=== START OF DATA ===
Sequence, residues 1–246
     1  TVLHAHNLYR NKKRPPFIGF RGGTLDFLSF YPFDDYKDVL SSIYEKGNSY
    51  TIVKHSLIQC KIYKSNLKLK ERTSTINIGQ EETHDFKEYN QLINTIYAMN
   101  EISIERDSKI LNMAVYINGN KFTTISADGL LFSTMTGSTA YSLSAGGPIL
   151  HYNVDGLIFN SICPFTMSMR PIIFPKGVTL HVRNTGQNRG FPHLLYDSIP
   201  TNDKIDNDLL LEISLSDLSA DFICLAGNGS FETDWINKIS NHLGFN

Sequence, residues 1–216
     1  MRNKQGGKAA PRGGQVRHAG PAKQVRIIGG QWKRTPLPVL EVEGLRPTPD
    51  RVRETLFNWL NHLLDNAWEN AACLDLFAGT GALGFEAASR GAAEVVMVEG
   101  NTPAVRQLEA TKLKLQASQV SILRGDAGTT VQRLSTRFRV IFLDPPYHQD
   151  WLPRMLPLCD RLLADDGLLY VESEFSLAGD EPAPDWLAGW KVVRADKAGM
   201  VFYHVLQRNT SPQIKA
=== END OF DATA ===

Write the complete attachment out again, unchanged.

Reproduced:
Sequence, residues 1–246
     1  TVLHAHNLYR NKKRPPFIGF RGGTLDFLSF YPFDDYKDVL SSIYEKGNSY
    51  TIVKHSLIQC KIYKSNLKLK ERTSTINIGQ EETHDFKEYN QLINTIYAMN
   101  EISIERDSKI LNMAVYINGN KFTTISADGL LFSTMTGSTA YSLSAGGPIL
   151  HYNVDGLIFN SICPFTMSMR PIIFPKGVTL HVRNTGQNRG FPHLLYDSIP
   201  TNDKIDNDLL LEISLSDLSA DFICLAGNGS FETDWINKIS NHLGFN

Sequence, residues 1–216
     1  MRNKQGGKAA PRGGQVRHAG PAKQVRIIGG QWKRTPLPVL EVEGLRPTPD
    51  RVRETLFNWL NHLLDNAWEN AACLDLFAGT GALGFEAASR GAAEVVMVEG
   101  NTPAVRQLEA TKLKLQASQV SILRGDAGTT VQRLSTRFRV IFLDPPYHQD
   151  WLPRMLPLCD RLLADDGLLY VESEFSLAGD EPAPDWLAGW KVVRADKAGM
   201  VFYHVLQRNT SPQIKA